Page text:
Blair took to Times Radio last month to respond to the campaign, claiming the vociferous opposition to his appointment to the Order of the Garter is “just what happens in politics”. As the former Labour MP and minister Chris Mullin wrote of Blair’s role in the calamitous invasion in Middle East Eye, however: “one has only to look into his eyes… to see that he is haunted by it. Iraq never goes away.”
Given the extent to which the spectre of Iraq looms over the former PM, one might assume the Blair family has had enough of Middle Eastern misadventures. Instead, as a barrister with one of the world’s most influential Rolodexes, Cherie Blair has followed in her husband’s footsteps by wading into regional quagmires of her own – and one of her most prominent Mideast cases, that of a former executive at the logistics company Kuwait and Gulf Link (KGL), has recently taken a turn for the unexpected.
Friend and foe to Gulf emirs
Soon after her husband left Downing Street, Cherie Blair used her connection to Hillary Clinton on behalf of Qatar’s then-crown prince Sheikh Tamim Al-Thani and his mother, Sheikha Mosah, securing meetings for the Qatari royals with Clinton in 2009 and 2010. Details of those interventions did not emerge until 2015, when Clinton’s emails from her time as Secretary of State were released to the public.
More recently, Blair’s role with shadowy Israeli intelligence firm NSO put her back in the media spotlight. This past October, court documents revealed it had fallen to Blair, as ethics advisor to the now-blacklisted company, to inform Princess Haya in 2020 that her ex-husband Sheikh Mohammed al-Maktoum of Dubai had used NSO’s spyware to hack her devices and those of her legal team.
Perhaps Mrs. Blair’s most dramatic Middle Eastern intervention came on behalf of Marsha Lazareva, a Russian national jailed on charges of money laundering and embezzlement in Kuwait. As reported in 2019, Blair was a star member of the legal and PR team assembled around Lazareva, whose emergence as a cause célèbre raised eyebrows in Washington as well as in the Persian Gulf. Alongside Jack Straw, Blair lambasted the Kuwaiti courts’ handling of the Lazareva case, taking to Sky News to call for sanctions on the country – a UK ally.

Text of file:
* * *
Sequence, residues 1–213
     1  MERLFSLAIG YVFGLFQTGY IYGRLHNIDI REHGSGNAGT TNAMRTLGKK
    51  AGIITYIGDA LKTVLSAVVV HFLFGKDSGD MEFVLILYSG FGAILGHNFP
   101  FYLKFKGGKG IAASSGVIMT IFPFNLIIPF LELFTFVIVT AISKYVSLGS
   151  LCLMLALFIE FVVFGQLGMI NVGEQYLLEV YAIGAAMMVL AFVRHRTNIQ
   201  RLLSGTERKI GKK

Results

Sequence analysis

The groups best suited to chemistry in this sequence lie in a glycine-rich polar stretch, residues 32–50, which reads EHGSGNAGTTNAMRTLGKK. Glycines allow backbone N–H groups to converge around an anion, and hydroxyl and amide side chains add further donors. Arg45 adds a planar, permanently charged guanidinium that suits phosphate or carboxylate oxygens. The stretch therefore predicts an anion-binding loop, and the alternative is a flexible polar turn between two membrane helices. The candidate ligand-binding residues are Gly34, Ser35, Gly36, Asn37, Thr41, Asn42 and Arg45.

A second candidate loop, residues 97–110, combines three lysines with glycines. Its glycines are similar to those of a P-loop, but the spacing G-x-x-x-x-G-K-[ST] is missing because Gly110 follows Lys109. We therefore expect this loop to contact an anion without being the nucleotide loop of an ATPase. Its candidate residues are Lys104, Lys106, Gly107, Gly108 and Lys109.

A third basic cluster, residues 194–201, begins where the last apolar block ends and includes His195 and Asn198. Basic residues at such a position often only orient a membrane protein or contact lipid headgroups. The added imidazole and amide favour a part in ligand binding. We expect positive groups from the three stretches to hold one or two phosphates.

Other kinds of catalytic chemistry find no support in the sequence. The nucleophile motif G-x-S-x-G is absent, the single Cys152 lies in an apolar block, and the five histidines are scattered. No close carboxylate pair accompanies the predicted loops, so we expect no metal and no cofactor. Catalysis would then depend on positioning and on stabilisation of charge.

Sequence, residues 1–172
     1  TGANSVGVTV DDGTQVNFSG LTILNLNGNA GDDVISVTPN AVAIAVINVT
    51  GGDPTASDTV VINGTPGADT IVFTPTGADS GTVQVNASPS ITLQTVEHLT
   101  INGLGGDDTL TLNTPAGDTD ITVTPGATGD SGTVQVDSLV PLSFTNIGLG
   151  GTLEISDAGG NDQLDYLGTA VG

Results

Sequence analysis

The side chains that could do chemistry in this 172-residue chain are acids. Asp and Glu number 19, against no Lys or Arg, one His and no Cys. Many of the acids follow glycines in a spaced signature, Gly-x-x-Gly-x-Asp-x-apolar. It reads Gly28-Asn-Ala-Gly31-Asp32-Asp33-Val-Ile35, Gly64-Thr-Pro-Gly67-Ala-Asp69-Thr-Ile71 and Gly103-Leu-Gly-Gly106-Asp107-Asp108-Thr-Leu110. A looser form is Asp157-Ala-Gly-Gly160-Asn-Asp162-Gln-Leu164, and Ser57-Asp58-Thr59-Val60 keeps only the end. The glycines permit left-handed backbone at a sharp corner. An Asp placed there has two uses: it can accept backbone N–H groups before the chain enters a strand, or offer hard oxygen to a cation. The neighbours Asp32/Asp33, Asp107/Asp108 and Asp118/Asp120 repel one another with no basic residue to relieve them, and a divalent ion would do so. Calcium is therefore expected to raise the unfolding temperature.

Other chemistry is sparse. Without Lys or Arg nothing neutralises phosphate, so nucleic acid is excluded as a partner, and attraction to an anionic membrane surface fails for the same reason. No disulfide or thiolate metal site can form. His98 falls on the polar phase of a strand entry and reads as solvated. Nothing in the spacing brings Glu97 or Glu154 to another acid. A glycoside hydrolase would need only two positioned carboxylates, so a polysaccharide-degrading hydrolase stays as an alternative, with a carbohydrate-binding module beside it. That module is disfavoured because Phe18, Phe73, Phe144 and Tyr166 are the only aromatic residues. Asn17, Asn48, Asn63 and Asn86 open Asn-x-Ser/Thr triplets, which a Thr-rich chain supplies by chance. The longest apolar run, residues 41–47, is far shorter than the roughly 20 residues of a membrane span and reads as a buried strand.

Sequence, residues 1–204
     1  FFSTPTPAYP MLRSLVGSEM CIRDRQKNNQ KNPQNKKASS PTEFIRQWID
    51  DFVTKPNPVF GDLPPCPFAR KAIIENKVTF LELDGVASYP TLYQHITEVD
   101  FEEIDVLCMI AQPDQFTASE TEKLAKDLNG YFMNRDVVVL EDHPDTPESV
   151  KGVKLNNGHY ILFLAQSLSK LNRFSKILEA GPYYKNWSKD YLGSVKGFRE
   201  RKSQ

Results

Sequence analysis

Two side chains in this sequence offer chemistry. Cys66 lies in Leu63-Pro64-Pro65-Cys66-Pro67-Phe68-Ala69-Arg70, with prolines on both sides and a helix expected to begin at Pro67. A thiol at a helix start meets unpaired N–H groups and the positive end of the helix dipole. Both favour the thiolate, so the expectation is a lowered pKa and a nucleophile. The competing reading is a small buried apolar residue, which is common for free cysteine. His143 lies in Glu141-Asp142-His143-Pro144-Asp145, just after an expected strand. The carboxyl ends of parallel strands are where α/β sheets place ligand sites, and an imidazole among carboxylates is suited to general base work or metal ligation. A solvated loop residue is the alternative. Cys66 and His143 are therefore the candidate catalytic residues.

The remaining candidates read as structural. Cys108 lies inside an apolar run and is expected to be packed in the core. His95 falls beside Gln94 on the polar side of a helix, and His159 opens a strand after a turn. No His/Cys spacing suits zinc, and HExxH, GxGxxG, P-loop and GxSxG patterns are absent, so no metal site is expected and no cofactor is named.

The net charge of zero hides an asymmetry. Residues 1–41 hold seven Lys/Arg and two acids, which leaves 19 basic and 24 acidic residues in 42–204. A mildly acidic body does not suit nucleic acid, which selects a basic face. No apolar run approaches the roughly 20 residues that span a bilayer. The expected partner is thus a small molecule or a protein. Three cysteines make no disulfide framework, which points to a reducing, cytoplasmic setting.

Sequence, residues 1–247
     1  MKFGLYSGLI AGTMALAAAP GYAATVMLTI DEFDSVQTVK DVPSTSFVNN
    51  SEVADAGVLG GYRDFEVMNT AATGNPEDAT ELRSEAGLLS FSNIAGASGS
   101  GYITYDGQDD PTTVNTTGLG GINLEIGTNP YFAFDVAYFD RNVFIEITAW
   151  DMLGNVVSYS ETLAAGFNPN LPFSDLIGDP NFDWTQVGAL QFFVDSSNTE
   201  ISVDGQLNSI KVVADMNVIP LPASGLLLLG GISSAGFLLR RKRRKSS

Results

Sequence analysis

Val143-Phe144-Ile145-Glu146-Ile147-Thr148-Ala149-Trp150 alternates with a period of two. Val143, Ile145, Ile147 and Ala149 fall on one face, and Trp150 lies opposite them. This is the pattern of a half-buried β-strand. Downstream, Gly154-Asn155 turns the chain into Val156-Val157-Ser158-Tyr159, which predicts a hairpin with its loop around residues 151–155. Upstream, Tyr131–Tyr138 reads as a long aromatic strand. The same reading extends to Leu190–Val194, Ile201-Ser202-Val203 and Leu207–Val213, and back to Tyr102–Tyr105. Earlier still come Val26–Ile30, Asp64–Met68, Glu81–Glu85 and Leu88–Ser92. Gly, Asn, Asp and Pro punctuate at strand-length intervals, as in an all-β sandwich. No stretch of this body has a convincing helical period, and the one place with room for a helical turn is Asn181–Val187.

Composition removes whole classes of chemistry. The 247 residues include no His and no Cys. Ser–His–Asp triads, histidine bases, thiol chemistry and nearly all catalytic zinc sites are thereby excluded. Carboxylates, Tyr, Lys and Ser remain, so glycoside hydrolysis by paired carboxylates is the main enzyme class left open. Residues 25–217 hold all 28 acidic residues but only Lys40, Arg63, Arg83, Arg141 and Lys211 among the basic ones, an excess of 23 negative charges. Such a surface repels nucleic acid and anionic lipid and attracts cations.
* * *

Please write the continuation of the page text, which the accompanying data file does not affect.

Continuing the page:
While Blair, Straw, and the Russian businesswoman’s other prominent backers have gone quiet since 2020, recent developments in Kuwait make clear her former company’s woes are only just beginning.
Controversy around KGLI
The trouble began in November 2017 when, as chief executive of KGL Investment (KGLI), Lazareva was accused of overseeing an embezzlement scheme worth hundreds of millions of dollars and involving the Cayman-based Port Fund.
Set up with money from Kuwaiti state investors including the Kuwait Ports Authority (KPA) and the Public Institution for Social Security (PIFSS), the Port Fund transferred $496 million from an asset sale in the Philippines into bank accounts at Dubai, only to have those funds blocked when Kuwaiti investors demanded an explanation for the discrepancy between the reported value of the sale and the sum Lazareva claimed it netted.
By the time the dust had settled, Lazareva and her associate Saeed Dashti had been sentenced to both jail time and heavy fines. In recent litigation in the Caymans, the KPA and the PIFSS claim that over $100 million were misappropriated from the Port Fund, with some of that money allegedly being used to pay for the lobbying campaign that drew in big names like Cherie Blair.
While KGLI’s parent company claimed the two entities were no longer connected, testimony from former employees made clear just how closely the different parts of the KGL network of firms are connected. Behind the KGL family of companies is an actual family: Kuwait’s prominent Dashti clan.
Kicking off KGL’s collapse
Saeed Dashti’s brother Ali served as CEO of KGL Logistics, while another brother, Fuad, was a shareholder in both KGL and KGL Logistics and was arrested by US authorities in 2016 on suspicion of sending airplane components to Iran. The company has a history of alleged sanctions busting, including the creation of a “ghost structure” to continue a joint venture with Islamic Republic of Iran Shipping Lines (IRISL).
Following in his brothers’ footsteps, Ali Dashti is facing legal problems of his own. Last month, Ali was found guilty on charges of usurping government land used for servicing KGL’s contracts with the US military at Kuwait’s Mina Abdullah port zone. According to legal documents, KGL Logistics illegally procured more than one million square metres of government land with forged documents, which it used to execute its US contracts.
Ali, the company’s CEO, was convicted in absentia by the Kuwaiti Court of First Instance and sentenced to life imprisonment with hard labour. KGL Logistics has faced additional consequences in the days since, including being de-listed from the Kuwait Stock Exchange.
As a key civilian supplier to US forces in the region since the 1990s, KGL’s legal troubles have evolved from headache to migraine for the US government, which awarded KGL a military supply contract worth almost $1.4 billion in 2018. Remarkably, the company continued to win Pentagon contracts even as KGL Logistics was being evicted from Mina Abdullah.
Granted, given the experience of most of those who were responsible for (and profited from) the conflagration that was the Iraq War, the fact KGL is suffering any consequences at all makes it the exception rather than the rule, at least in comparison to the Tony Blairs of the world.
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